Hurricane Irma unfortunately meets expectations

Hurricane Irma rolls through Florida causing mass destruction and numerous fatalities.


A satellite view of Hurricane Irma: one of the strongest storms ever to be recorded.

Over the last few days, Hurricane Irma has been relentless and unforgiving. Florida, along with Caribbean Islands, have suffered catastrophic results ranging from flooding to even fifty-four recorded fatalities thus far.

Irma fluctuated between a category 3 to category 5 storm as it tumbled though the Caribbean and Virgin Islands. A significant amount of homes and buildings were demolished leaving thousands of people homeless, and there have been numerous complaints about a lack of assistance proceeding the destruction.

After the storm payed its visit to the Islands, Irma reached Florida.

The coverage of the storm’s winds was 70,000 square miles. That’s larger than the area of Florida, which is 65,000 square miles. Irma’s diameter was about 300 miles which is TWICE as along as Florida’s peninsula. And to top it off, there were wind speeds up to 185 miles per hour.

A diagram of Florida’s peninsula compared to the prediction of Irma shows the true size of the storm.

With more than twenty million people located within the five day forecast, these numbers were just a recipe for disaster, and disaster indeed struck.

The most important aspect after any natural disaster is always the amount of lives saved or lost. Unfortunately, the death toll in the U.S. has climbed to seventeen. However, Hurricane Andrews’ death toll was sixty-five, so in a way the storm proved to be a bit less dangerous to civilians.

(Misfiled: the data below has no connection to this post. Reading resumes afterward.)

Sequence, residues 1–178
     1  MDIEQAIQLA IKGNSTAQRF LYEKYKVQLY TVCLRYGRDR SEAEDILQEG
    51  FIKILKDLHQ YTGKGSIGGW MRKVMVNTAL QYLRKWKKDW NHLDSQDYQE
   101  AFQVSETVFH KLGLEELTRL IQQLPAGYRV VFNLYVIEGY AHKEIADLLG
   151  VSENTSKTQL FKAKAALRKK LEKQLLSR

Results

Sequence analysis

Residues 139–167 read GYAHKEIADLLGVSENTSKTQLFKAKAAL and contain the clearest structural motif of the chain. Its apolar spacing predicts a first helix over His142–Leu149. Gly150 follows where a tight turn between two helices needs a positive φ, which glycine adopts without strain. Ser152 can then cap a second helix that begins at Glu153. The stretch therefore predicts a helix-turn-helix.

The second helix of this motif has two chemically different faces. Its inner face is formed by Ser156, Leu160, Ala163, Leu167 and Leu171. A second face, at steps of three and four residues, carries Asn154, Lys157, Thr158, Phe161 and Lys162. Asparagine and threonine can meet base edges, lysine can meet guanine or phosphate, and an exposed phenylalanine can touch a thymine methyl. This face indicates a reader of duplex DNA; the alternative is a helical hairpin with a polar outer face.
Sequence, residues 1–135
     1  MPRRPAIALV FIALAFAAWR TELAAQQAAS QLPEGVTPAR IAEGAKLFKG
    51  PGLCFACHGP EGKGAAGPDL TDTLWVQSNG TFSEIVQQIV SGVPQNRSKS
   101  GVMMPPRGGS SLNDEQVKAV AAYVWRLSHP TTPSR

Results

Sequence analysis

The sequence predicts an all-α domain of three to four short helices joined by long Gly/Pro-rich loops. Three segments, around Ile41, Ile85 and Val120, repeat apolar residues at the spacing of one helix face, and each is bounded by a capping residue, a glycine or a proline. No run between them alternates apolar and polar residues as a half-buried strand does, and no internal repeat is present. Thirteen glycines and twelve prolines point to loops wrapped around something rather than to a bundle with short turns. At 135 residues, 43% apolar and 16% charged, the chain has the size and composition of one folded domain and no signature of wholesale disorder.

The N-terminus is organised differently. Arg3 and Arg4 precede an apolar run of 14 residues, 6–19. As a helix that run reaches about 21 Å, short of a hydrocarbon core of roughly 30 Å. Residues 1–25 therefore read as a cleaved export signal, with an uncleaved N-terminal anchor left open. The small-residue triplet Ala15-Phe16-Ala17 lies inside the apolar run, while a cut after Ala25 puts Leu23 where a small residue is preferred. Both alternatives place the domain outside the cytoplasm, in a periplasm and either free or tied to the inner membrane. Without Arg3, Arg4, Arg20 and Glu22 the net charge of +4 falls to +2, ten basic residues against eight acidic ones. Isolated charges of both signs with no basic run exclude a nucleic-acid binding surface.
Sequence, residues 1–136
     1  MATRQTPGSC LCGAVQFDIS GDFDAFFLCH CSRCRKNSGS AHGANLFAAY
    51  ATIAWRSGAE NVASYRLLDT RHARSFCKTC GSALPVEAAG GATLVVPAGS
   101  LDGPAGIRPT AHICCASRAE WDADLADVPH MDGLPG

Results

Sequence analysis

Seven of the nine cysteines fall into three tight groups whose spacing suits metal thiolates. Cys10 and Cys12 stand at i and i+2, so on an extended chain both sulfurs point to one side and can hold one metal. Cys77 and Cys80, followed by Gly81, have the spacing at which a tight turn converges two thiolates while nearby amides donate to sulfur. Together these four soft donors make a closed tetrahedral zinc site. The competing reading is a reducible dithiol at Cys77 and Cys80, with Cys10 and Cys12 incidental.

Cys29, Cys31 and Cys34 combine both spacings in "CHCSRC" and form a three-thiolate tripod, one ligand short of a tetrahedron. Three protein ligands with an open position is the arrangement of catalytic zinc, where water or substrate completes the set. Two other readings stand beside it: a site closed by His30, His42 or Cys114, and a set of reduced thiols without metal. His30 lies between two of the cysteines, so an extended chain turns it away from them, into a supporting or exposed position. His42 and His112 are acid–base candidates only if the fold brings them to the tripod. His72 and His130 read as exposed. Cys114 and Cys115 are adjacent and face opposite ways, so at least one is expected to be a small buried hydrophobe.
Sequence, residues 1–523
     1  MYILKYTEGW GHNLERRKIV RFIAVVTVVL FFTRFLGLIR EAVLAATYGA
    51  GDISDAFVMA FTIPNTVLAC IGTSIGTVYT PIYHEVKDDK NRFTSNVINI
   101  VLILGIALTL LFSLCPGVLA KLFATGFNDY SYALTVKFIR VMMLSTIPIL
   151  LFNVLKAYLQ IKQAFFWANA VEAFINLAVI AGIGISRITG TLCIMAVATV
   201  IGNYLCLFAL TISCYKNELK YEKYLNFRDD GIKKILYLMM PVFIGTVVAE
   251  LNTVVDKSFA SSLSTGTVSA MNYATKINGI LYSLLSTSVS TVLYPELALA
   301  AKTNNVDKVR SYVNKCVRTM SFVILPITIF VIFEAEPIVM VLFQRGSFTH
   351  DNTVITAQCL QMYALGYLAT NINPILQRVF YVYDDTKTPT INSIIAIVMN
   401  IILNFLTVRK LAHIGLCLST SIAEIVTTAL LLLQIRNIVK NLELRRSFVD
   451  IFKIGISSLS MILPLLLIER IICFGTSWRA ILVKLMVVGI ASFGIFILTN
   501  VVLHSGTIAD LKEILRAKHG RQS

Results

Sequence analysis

Millions of Florida residents are still without power, but already 2.3 million customers have power back, which is 40% of those who lost power across Florida. 4.7 million are still without power as of Tuesday afternoon.

The previously evacuated Floridians are stacked tightly together in traffic awaiting to return to their hurricane-trailed state to asses the damage. President Trump also announced he will be making a visit to Florida on Thursday (possibly motivated by the destruction of his beach houses).

Florida Keys

Florida Keys was one of the most affected areas flowing Hurricane Irma. Keys was isolated from Florida’s mainland for a few days after Irma came through with 130 mile per hour winds, and a storm surge of ten feet. At least one person died due to the disaster Sunday Morning.

Florida Gov. Rick Scott said the storm left “devastation” on the Keys, which were under mandatory evacuation orders during Irma.

Thousands of Florida Key’s population parked their cars along U.S. 1 Monday, staying there through the night awaiting access to get into the keys. But water, power, sewer, medical services and cell service are still limited according to Monroe county officials.

Florida’s Department of Transportation is also today working to repair two 300-foot stretches of road on the Keys that was washed out.

An overview shot of Florida Keys and the affect Irma had on its accessibility.


Miami was also heavily destructed by the storm, and Miami beach residents were advised to return the same morning Florida Keys was. some businesses even removed boards and debris from the aftermath preparing to reopen as soon as possible.

Miami’s iconic Ocean Drive was under heavy construction and was enveloped in sand from the storm surge and the wind. The area was also draped in fallen palm trees and street signs, but there were little signs or significant damage to the buildings lining the street.

Jacksonville and Charleston

Although the main focus has been revolving around Florida, areas such as Jacksonville as well as South Carolina and Georgia have been flooded as well.

When water raced through the streets of Jacksonville, it brought record levels of storm surge along the coast and inland rivers. Over 350 people were rescued from the flooding, but no casualties were reported there.

Jacksonville floods after hurricane Irma continues North.

All-in-all, Hurricane Irma provided the damage just as almost everyone expected. However, the assistance and rapid fire correspondence that is taking place is a reminder of the brightest side of human nature.

Unfortunately, it most commonly takes events such as these to unite our nation as one, striving for one goal. It is amazing what we are willing to drop to help out a neighbor, near or far.